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1. Overview

We can imagine cases where we need to insert newlines into a variable. For example, for any tasks that require text formatting, generate a list of commands to run.

For this reason, in this tutorial, we’ll illustrate examples of how to insert newlines to a variable in bash.

2. Displaying Already Formatted Text

First, we would like to show briefly what are the possibilities of displaying text with newlines.

Let’s imagine that we have text with newlines characters. Given that let’s try to use echo:

$ text="first \nsecond \nthird"
$ echo $text
first \nsecond \nthird

As we can see, the \n sequence was not recognized as a new line.

2.1. echo -e Command

To enable recognition of special character sequences like newline \n we can use echo with the special option -e:

$ text="first \nsecond \nthird"
$ echo -e $text
first 
second
third

This time we have achieved what we wanted and the words are in new lines.

2.2. printf Command

With printf we can accomplish the same result as we did with echo -e:

$ text="first \nsecond \nthird"
$ printf %b $text
first 
second
third

2.3. Text With New Lines

Let’s consider the situation when we have a text with new lines:

$ text="first
second
third"
$ echo "$text"
first 
second
third

As we can see when we deal with the text that contains inserted newlines we can also display text as we wanted. However, let’s notice that we have to wrap the variable with parenthesis otherwise it wouldn’t display the text with new lines.

2.4. Shell Parameter Expansion

Additionally, we can manipulate the text with parameter expansion.

For this purpose, we need to add $ operator before all occurrences of \n:

$ text="first "$'\n'"second "$'\n'"third"
$ echo "$text"
first 
second 
third

3. Automatically Adding Newlines to the Text

In the previous section, we have shown how to display and format text to print new lines. However, in real examples, it might be very useful to have the ability to preprocess texts and add newlines accordingly to specified rules. Because of it, we have prepared a few examples of how to set new lines in text.

3.1. Sequentially Adding Newlines

Let’s assume that we want to insert newlines instead of spaces in the text that we were previously using as an example. Therefore we can for instance iterate over each world and insert one of the special sequence characters that we already know from the previous section:

$ text="first second third"
$ for word in $text
$ do
$  p+="$word"$'\n'
$ done 
$ echo "$p"
first 
second 
third

Great as we can see, it works!

3.2. Adding Newlines Instead of the Selected Character

But what if we would like to add a newline instead of “;” or any other characters than spaces? For this reason, we have to modify a little bit our previous script:

$ text="first ; second ; third"
$ IFS=";"
$ for word in $text; do
>  p+="$word"$'\n'
> done 
$ echo "$p"
first 
second 
third

Perfect! So now we know how to store newlines in variables and also to manipulate any text or sequence of commands to insert newlines characters wherever we want.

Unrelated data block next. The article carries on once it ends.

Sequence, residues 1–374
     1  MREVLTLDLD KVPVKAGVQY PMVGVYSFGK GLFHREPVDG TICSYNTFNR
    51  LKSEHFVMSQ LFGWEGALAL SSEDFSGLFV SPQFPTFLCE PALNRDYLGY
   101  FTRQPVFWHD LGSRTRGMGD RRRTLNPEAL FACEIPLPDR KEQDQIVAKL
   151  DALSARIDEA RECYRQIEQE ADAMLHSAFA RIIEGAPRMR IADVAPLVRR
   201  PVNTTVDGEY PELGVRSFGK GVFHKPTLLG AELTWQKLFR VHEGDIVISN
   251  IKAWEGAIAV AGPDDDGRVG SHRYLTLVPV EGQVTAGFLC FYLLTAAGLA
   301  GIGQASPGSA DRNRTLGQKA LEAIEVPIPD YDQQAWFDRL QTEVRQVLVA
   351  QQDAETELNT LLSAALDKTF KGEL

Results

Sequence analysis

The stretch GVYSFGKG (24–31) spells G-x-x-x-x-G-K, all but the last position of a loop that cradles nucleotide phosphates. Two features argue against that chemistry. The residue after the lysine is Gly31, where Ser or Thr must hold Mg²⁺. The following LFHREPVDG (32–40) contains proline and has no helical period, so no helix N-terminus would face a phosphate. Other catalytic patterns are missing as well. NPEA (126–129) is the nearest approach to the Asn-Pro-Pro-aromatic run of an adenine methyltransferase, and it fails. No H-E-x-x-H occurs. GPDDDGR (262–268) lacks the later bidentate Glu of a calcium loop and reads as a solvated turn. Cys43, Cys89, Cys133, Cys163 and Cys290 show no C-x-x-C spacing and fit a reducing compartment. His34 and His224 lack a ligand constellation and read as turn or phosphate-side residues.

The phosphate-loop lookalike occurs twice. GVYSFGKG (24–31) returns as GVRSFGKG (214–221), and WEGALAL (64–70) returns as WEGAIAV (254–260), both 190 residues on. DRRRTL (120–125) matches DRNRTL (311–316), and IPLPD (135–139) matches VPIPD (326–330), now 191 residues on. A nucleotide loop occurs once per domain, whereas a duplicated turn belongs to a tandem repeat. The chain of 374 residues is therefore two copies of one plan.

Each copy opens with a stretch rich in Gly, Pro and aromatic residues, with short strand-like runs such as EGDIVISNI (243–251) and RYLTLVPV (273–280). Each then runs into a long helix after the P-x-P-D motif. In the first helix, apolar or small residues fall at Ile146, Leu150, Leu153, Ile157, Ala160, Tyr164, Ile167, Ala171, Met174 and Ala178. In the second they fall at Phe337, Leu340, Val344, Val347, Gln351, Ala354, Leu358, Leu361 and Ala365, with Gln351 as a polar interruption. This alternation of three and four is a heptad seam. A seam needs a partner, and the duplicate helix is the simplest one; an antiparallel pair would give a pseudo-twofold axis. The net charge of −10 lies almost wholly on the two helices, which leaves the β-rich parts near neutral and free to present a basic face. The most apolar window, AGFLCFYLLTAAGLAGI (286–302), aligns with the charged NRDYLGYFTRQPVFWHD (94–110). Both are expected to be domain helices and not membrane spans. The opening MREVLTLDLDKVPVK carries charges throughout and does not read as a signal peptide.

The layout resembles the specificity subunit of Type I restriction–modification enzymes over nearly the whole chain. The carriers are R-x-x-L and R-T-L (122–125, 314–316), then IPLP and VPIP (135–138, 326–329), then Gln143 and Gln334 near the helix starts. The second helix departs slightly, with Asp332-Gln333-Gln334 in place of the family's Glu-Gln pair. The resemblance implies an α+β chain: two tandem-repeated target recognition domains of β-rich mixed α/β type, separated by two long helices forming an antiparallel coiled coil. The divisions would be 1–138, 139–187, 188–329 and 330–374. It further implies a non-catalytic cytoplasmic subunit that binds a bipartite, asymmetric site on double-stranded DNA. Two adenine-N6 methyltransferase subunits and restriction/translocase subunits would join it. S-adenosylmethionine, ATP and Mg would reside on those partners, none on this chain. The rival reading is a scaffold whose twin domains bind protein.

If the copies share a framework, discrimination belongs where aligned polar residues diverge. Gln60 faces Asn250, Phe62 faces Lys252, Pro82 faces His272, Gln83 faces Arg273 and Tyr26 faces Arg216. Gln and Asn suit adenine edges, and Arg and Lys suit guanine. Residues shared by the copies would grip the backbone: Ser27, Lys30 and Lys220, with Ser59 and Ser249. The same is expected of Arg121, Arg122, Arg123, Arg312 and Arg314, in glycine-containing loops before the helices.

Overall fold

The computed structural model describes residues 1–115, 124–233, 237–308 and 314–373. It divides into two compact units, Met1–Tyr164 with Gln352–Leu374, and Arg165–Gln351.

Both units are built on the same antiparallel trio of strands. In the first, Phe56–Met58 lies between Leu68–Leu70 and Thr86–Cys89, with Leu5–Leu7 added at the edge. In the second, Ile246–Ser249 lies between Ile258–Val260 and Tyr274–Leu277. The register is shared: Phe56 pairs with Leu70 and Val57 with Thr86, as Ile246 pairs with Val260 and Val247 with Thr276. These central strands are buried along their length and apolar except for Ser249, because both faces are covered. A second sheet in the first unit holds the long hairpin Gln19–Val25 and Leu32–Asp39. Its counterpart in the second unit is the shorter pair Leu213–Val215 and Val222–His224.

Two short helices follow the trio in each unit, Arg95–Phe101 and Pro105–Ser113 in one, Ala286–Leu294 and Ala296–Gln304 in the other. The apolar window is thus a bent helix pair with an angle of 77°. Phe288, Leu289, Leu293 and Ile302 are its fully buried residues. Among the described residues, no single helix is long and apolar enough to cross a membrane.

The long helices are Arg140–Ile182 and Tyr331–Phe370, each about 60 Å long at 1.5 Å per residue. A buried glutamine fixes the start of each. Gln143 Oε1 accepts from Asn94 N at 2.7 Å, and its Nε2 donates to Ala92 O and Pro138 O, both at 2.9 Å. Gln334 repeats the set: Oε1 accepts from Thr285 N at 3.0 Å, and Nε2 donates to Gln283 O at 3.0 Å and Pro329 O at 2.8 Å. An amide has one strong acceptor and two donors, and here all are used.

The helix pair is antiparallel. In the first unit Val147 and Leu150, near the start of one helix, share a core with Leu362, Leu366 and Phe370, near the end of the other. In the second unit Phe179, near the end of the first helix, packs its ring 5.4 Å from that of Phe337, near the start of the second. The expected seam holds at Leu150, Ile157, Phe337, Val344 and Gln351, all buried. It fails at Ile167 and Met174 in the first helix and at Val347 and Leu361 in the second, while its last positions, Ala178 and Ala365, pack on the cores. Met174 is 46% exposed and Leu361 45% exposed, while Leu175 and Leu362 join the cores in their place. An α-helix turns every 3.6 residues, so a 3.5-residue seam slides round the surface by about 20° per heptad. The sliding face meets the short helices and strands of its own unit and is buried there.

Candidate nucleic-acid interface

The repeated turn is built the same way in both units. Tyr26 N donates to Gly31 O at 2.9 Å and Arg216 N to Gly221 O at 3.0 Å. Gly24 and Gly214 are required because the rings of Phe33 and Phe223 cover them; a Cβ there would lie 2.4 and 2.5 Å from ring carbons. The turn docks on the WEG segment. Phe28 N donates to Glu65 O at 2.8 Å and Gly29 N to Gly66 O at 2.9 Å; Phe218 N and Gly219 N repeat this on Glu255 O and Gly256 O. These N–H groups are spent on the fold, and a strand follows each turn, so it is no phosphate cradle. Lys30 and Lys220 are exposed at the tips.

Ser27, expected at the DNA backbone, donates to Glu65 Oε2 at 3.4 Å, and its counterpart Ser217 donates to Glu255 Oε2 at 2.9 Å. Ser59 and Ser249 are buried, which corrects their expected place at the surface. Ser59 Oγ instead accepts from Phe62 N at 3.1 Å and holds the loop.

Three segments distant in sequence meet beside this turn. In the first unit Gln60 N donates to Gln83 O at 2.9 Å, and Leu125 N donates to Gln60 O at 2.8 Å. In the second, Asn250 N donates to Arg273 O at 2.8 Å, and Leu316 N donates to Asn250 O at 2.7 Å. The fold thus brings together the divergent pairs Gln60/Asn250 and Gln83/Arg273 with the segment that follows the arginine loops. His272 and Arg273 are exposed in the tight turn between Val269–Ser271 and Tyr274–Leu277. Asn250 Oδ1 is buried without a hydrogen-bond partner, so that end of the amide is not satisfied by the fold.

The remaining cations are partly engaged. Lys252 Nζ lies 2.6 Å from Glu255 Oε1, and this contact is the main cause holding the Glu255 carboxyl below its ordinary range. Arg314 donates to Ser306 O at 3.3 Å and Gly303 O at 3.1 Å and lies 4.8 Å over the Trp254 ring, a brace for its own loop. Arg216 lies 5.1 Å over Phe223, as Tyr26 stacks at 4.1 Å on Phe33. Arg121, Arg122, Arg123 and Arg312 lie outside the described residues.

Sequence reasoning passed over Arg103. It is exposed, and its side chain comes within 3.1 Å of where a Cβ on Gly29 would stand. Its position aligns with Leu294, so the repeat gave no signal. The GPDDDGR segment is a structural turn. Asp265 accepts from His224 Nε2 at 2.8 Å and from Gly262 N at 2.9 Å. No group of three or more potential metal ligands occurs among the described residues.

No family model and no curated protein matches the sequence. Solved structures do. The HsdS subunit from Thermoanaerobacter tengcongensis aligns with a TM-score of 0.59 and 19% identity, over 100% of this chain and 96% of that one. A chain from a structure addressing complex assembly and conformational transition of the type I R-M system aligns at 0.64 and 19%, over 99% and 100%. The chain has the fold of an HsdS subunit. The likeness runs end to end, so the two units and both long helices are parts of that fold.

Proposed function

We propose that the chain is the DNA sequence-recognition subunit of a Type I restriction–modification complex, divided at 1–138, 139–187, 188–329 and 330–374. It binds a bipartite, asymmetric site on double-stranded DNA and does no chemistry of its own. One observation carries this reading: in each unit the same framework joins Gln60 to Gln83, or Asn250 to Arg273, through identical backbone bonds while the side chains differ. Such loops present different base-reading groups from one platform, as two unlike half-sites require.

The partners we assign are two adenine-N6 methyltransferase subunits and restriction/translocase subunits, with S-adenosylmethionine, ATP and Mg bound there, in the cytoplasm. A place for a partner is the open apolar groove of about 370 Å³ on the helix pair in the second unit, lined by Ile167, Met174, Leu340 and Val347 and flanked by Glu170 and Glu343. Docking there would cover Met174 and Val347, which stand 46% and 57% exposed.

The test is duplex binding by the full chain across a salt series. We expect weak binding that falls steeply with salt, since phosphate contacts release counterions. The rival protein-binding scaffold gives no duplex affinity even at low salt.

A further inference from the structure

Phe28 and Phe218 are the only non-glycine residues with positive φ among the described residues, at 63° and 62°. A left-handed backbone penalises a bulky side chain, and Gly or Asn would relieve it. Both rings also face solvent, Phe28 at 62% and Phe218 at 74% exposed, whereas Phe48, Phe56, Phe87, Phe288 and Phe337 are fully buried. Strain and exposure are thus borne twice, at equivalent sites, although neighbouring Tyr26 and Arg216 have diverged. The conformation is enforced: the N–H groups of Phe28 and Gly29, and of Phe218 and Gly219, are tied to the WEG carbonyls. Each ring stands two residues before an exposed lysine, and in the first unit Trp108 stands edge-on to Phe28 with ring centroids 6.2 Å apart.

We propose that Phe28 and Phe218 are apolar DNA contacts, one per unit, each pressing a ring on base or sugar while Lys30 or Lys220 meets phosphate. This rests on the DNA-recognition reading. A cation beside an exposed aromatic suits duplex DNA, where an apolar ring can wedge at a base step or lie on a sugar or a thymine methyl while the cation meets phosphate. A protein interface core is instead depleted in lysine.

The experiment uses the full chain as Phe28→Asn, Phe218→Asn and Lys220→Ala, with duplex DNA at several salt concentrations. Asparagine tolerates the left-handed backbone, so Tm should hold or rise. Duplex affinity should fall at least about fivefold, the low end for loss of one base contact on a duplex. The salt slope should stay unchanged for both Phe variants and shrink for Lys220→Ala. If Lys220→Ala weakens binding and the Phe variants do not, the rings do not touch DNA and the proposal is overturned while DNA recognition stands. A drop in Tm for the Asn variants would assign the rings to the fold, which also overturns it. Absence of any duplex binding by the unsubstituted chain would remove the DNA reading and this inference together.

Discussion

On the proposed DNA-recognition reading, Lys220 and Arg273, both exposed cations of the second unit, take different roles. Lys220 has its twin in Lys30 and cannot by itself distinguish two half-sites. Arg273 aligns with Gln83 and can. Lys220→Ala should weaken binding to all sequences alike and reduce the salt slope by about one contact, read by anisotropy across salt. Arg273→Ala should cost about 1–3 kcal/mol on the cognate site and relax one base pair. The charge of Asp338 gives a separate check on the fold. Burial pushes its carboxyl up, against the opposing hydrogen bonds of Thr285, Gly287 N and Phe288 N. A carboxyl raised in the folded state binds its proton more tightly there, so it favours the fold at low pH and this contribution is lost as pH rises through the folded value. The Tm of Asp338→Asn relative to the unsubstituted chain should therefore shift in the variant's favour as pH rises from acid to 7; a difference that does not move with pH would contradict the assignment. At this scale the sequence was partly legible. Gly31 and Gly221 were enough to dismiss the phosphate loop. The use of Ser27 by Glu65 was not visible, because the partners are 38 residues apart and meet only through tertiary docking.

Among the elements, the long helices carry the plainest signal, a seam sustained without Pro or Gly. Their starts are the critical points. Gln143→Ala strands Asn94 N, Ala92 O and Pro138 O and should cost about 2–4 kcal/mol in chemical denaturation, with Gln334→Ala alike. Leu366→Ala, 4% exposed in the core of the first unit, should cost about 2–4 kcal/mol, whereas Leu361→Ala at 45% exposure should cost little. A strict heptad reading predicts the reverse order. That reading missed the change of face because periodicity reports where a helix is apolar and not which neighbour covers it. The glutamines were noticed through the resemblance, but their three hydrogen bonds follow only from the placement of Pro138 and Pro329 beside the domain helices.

3.3. Using the tr Command

Instead of iterating over all words in the text, we can use something that would be handier. So that tr would be a perfect choice for our purposes:

$ text="first second third"
$ echo $text | tr " " "\n"
first
second
third

Great! The result is the same as it was when we have used the loop, but this time we have fit everything in one line.

4. Assigning to a Variable a Text from a File

Now let’s say that we would like to use the text that is stored in the file. For this reason, nothing stands in the way to use previously presented commands. However, when working with text from files the first thing that comes to our mind is the sed command.

4.1. Using the sed Command

Of course, the sed command combined with echo could be used also with examples where we used the text assigned to variables. But to make it elegant without the need for writing more than one line of code we prepared examples with sed:

$ cat text.txt 
one two three four five six
$ text=$(sed 's/ /\n/g' text.txt)
$ echo $text
one
two
three
four
five
six

Awesome with only one line of code we can read the text from a file, insert newlines instead of the spaces (of course we can exchange any character to the newline), and assign it to a variable.

4.2. awk Command

We assume that is always better to have more options. With this in mind, we would like to present one more example of inserting newlines into a variable:

$ cat text.txt 
one two three four five six
$ text=$(awk '{gsub(/ /,"\n")}1' text.txt)
$ echo $text
one
two
three
four
five
six

It does pretty much the same job as sed but awk has a lot of additional features, which might be very useful for us.

5. Conclusion

In this article, we have started with a presentation of what are the options to display variables with newlines. Then we have presented multiple ways of inserting newlines sequence into a variable. Additionally, we also illustrated how to replace different characters into newlines character sequences.

Finally, we have shown how to process and format text from files and then assign it to a variable.

Authors Bottom

If you have a few years of experience in the Linux ecosystem, and you’re interested in sharing that experience with the community, have a look at our Contribution Guidelines.

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